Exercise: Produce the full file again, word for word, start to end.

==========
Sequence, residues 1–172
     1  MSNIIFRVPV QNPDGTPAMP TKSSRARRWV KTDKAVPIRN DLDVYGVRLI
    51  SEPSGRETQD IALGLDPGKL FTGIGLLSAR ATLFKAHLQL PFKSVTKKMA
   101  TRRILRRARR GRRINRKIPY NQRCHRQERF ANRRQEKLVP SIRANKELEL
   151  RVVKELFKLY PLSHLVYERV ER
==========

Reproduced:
Sequence, residues 1–172
     1  MSNIIFRVPV QNPDGTPAMP TKSSRARRWV KTDKAVPIRN DLDVYGVRLI
    51  SEPSGRETQD IALGLDPGKL FTGIGLLSAR ATLFKAHLQL PFKSVTKKMA
   101  TRRILRRARR GRRINRKIPY NQRCHRQERF ANRRQEKLVP SIRANKELEL
   151  RVVKELFKLY PLSHLVYERV ER